A day driving in the rain finds us in Otorohanga North Island in a holiday park (short for RV park) right next to the Kiwi House which is closed now (though we heard a frenzy of bird calls) and we leave early Friday to get to our destination for our April 13 remembrance of my son’s death by suicide on that terrible Friday the 13th one year ago.
We might hear the Kiwi’s (the national endangered bird and symbol of NZ) in the morning but might have to wait to see the flightless bird at another sanctuary on the North Island.
We took the Interislander Ferry yesterday morning from Picton across the Cook Strait to Wellington, the nation’s capital,
and spent the afternoon looking for a NZ T-shirt with the Silver Fern logo and taking the old Cable Car up to lookout hill and the Botanic Gardens. The cable car broke down and the return trip became a lovely 40 minute winding walk through the garden and oldest cemetery in Wellington.
A slow traffic-filled ride to Waikanae
bought us back to our friends Adam, Mishbah, Maya and Maha to return their guide books and spend the evening and share our South Island adventure and enjoy Mishbah’s fabulous cooking. We learned that Adam’s cousin Scot Adams of Eden Prairie and CCL member (the reason we met Adam’s family) is now considering a trip to NZ next year. Feels a bit like a pay it forward experience.
The journey to the Kauri trees north of Auckland is a real haul with our time quickly fleeting. Mindy and I drove over 400 km today with another 400 + tomorrow.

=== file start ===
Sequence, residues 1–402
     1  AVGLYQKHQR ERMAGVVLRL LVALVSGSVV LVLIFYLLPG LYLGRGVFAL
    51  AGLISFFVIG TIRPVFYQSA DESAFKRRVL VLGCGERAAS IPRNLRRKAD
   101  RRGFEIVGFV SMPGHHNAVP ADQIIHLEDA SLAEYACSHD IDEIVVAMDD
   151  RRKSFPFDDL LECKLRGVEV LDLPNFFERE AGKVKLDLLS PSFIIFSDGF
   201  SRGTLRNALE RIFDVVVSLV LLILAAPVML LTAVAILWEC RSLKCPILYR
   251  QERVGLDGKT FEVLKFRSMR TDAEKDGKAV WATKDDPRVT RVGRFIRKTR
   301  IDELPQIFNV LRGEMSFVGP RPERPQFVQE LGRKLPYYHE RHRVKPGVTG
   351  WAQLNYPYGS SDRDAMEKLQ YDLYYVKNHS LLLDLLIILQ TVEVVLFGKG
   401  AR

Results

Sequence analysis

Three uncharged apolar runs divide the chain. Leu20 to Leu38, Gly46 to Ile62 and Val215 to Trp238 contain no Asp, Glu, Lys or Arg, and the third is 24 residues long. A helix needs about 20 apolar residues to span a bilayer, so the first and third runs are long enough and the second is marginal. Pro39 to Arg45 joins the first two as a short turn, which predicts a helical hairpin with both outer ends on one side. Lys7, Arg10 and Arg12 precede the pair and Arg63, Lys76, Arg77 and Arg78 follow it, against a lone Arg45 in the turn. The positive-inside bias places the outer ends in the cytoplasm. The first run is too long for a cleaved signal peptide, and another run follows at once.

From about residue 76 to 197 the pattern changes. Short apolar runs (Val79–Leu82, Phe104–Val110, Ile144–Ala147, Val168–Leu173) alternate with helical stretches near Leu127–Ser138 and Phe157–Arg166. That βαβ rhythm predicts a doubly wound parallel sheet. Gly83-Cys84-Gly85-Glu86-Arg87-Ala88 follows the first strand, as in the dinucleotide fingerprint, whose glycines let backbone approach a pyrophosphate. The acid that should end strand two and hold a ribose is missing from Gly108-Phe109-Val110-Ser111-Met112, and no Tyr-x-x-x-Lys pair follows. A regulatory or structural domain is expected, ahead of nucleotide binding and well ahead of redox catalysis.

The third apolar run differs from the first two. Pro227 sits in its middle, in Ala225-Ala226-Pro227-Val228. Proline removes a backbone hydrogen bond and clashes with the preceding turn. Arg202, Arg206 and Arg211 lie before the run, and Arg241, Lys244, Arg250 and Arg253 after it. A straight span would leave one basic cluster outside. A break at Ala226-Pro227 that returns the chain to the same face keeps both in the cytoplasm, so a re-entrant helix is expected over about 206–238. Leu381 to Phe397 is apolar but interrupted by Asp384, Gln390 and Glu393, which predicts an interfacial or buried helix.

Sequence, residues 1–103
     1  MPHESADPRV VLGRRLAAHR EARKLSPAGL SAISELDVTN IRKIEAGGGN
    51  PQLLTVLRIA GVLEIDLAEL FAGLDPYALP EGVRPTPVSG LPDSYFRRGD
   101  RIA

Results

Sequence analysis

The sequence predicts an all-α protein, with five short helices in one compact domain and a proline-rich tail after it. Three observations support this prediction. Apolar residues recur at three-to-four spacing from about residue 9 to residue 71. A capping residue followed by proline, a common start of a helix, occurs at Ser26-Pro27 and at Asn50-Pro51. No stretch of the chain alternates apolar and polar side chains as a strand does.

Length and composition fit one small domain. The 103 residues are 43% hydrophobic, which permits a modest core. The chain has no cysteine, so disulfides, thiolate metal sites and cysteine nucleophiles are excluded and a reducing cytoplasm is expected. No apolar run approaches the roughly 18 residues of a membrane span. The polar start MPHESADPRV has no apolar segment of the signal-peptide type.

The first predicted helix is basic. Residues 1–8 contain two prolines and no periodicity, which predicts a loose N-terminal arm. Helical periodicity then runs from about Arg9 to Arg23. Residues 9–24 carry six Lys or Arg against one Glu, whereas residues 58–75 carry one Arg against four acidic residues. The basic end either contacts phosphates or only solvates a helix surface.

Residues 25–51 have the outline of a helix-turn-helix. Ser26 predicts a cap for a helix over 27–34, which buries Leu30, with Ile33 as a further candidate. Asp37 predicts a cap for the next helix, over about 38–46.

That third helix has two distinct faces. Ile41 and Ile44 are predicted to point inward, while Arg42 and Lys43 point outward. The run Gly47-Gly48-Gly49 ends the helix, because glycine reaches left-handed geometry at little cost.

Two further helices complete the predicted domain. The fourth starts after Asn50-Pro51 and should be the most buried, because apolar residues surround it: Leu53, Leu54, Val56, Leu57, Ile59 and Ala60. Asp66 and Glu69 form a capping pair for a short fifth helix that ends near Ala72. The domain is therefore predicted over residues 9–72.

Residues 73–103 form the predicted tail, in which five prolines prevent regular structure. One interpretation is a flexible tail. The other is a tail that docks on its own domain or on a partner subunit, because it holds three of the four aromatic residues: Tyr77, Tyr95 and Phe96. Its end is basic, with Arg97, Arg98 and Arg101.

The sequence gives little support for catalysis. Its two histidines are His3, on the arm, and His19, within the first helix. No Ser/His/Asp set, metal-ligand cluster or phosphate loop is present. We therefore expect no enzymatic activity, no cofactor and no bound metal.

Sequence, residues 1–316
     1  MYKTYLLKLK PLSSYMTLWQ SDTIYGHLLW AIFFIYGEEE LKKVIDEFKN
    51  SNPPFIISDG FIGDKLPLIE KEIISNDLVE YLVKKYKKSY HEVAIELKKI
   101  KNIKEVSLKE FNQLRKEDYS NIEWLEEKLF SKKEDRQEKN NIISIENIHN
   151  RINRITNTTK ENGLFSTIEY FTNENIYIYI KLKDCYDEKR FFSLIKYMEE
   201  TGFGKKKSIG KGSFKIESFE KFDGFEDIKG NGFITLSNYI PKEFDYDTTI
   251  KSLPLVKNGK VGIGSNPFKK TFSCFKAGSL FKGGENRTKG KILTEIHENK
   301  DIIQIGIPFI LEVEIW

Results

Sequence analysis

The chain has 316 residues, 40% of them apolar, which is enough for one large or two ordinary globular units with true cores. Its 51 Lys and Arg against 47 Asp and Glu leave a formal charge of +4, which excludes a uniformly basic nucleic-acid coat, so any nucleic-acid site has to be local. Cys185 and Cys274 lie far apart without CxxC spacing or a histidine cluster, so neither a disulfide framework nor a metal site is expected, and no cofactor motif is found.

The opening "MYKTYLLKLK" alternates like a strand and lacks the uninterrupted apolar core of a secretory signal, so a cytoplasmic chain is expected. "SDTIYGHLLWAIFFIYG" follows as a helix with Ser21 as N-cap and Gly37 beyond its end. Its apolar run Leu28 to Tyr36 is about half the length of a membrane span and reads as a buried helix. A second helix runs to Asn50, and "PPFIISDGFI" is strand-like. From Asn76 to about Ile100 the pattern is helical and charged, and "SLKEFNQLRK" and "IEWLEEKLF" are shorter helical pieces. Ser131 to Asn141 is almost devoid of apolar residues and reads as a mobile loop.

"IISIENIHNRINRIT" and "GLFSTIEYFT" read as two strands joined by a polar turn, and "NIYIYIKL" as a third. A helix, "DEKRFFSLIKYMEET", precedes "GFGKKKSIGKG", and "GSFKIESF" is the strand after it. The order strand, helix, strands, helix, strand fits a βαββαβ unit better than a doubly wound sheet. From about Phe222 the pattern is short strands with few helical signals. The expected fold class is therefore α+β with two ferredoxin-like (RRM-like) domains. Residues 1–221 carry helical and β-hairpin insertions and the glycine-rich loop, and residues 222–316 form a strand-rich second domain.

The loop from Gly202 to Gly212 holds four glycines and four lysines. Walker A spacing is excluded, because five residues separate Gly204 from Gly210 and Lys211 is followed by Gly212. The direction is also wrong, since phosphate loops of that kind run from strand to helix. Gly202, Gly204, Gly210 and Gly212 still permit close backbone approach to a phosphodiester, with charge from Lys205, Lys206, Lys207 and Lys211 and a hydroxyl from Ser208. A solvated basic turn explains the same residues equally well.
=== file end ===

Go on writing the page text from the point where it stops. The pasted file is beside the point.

Mindy knows how important this day of remembrance is to me and she is making it a team effort to do it all and remain reasonably sane thru the process. Even with the rain the beauty of the hill country in the central part of the North Island is spell binding.
We stopped at the Levin Library for a rest stop and I picked up a book of US National Parks to show Mindy where Chris and I had gone on our first big adventure to Glacier National Park when he was five. Our first Amtrak trip, visiting Many Glacier Hotel where Uncle Tommy spent many summers working and climbing and our first wilderness camping at Two Medicine Lake near the Continental Divide where we got caught in a hail storm with gale force winds. What was I thinking? Luckily our new Moss tent held strong as Christopher calmly played with his legos while the stormed raged outside.
Remembering the amazing trips and moments we had together and as a family and community seems to be the best way to honor who Chris was/ is and to keep alive the spirit of love we have for each other.
More to come has we move toward April 13. Heard from Mary Fink, our house/ Pickles sitter, that it is snowing back home just like the huge snowstorm that hit last year the day and weekend after Chris’ death.
The cycles of life are truly remarkable.